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Classic Golf Holes - Royal Melbourne West 5th


This article courtesy of the Golf Architecture Magazine
The 5th Hole, West Course, Par 3, 161 metres
Royal Melbourne Golf Club
Melbourne, Victoria

Hole Architects – Dr Alister Mackenzie and Alex Russell

The Par 3, 5th at Royal Melbourne West

There is arguably no other hole that better encompasses all that is great about the wonderful sand belt courses of Melbourne than the par three 5th at Royal Melbourne’s famous West Course. And who better to describe this hole than our very own Peter Thomson, whose formative years were spent playing these courses. In the book "Peter Thomson’s Classic Golf Holes of Australia", Peter neatly encapsulates the character and challenge of the 5th in his description:

"One shot holes across valleys abound in courses all over the world. They have no prototype in classic links golf since the game’s original courses were all flat. But somewhere along the line the urge to hit "all-carry" shots to a perfectly visible target became a must in course architecture. The Composite 5th (also West 5th) is a superb example of this type of hole. The view from the tee is inspiring, but even for the best of players the scoring possibilities lie between one and six. The green, of admirable proportion and shape, has a decided tilt from back to front and given the usual glassy speed of all Royal Melbourne greens, putting from far off can be very testing indeed, particularly downhill. Three and even four putts are common for the careless or over exuberant. To miss the target with the tee shot is to compound the woes. Altogether an outstanding piece of architecture."

One of the major elements to confront the golfer from the tee, apart from the awe-inspiring setting and the intimidating bunkering, is the steep and closely mown bank at the front of the green that inevitably sheds a too feeble approach back towards the bottom of the valley. The bunkering comprises three beautifully built traps at the right that are more formal at the green edge and then appear to merge imperceptibly with the heathland vegetation beyond. The pair of bunkers on the left form an ideal counterpoint to those opposite. The first is large and dramatic, set back some distance from the green, while the second of the pair is the defining hazard of the hole, eating into the middle left of the green and guarding fiercely the back left pin position.

What makes this hole even more unique is the fact that it is the only hole at Royal Melbourne that was built by constructor Mick Morcom under the direct direction of Dr Mackenzie while the Doctor was in Melbourne during November 1926. Mackenzie himself described the creation of a special par 3 in his report on his Australian trip of 1926 published in Golf Illustrated magazine in 1927, and reproduced in full in this issue of Golf Architecture – see "Around the World on a Golf Tour". The Doctor elaborates on its development:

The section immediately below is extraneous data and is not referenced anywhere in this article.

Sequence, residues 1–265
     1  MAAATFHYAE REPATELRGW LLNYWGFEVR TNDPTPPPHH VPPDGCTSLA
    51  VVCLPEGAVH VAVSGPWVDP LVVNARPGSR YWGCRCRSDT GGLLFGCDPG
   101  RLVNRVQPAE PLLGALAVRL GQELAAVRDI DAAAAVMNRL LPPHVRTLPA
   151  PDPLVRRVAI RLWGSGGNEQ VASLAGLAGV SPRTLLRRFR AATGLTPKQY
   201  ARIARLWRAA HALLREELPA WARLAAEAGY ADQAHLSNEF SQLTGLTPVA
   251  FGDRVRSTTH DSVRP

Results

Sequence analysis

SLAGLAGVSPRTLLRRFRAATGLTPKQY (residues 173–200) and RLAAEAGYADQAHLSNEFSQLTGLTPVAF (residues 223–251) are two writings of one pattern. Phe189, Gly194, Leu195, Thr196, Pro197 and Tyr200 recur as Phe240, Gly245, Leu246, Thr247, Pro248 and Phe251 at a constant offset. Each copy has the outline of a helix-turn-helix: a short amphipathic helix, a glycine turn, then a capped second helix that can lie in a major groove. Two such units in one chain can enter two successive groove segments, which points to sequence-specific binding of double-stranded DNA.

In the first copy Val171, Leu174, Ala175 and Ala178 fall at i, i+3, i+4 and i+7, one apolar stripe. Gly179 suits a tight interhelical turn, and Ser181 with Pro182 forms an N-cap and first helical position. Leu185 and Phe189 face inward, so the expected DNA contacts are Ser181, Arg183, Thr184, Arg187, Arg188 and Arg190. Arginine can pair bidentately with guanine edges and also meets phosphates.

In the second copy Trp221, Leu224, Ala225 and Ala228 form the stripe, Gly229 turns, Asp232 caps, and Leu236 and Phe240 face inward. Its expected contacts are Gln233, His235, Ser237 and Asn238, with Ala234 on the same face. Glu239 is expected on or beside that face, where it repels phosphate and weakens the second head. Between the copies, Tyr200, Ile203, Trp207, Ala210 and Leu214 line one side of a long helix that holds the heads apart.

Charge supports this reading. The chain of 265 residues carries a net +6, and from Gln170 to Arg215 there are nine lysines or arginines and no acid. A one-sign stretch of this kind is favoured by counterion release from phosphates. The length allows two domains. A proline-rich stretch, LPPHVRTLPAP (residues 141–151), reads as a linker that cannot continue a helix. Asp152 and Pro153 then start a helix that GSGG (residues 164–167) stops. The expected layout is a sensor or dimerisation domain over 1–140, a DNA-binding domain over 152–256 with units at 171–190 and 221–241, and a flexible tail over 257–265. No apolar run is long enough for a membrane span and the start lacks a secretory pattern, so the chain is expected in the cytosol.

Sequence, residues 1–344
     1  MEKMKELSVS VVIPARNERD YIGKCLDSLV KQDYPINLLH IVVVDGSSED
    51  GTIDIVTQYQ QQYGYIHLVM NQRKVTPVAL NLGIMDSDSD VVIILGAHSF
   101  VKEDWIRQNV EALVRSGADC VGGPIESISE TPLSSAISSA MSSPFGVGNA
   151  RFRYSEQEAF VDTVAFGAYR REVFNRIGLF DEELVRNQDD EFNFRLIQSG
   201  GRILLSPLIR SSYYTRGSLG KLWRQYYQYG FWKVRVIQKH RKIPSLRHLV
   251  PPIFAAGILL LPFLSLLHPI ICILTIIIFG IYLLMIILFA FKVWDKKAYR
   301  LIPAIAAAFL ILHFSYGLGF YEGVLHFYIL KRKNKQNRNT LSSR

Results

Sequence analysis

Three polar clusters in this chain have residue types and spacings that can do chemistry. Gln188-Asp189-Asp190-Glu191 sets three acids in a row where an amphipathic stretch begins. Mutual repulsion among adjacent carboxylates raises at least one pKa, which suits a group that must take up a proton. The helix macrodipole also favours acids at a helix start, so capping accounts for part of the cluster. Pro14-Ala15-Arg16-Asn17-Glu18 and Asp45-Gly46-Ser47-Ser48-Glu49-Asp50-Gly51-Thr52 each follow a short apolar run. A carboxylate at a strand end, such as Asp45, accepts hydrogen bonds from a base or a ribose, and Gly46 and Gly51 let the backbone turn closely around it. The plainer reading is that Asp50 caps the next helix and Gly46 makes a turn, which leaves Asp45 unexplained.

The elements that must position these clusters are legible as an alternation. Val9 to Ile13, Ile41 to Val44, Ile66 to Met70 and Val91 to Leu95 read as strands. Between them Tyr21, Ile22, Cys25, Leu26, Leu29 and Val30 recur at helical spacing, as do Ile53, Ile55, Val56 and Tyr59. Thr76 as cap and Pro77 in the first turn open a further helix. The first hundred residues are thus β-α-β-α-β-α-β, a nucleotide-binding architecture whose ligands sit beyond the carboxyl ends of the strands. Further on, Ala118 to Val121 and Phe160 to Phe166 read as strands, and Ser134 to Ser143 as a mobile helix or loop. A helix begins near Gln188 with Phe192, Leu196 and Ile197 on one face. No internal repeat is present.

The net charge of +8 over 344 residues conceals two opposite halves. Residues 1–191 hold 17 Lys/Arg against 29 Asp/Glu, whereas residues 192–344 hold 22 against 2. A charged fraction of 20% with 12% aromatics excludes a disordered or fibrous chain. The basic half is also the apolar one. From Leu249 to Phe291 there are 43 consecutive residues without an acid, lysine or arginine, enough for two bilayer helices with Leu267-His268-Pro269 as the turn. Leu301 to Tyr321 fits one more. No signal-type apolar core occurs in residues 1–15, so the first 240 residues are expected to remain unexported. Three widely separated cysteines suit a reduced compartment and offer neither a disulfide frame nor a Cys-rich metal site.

"While I was in Melbourne Morcom commenced some of the construction work on the new course, and he made a new short hole of a somewhat similar type to the Eden hole at St Andrews, which new hole is, I think, the best example of artificial work I have ever seen on any golf course, and will certainly be better than any short hole south of the Equator."

How right he was. But how do we know that the 5th West is the par 3 hole the Doctor referred to? It is known that Mackenzie prepared a sketch plan for this hole for Mick Morcom’s use – this plan is still in the possession of the Morcom family according to John Scarth, the biographer of Mick Morcom and his son Vern. The Mackenzie / Russell plan, as reported in The Register newspaper of Adelaide on 17th December 1926, comprised 8 new holes, with 10 of the Club’s Sandringham course holes retained, albeit modified. The 5th is described as a new hole and "an iron shot to the north" of 170 yards. The other par 3 on the front nine, the seventh, was described as "the present ninth with modifications" of 120 yards. However, this hole was eventually deleted when Ivo Whitton’s new par 3 seventh was built in 1937. The other two par 3’s were part of the original Sandringham course.

As a result, the new hole that Mick Morcom built under the watchful eye of the Doctor and no doubt Alex Russell as well, was the 5th at Royal Melbourne West. With this pedigree, and the timeless character of the finished product, can there be any argument that this isn’t the finest short hole in the Southern Hemisphere?

by Neil Crafter and Paul Mogford

courtesy of the Golf Architecture Magazine - click for more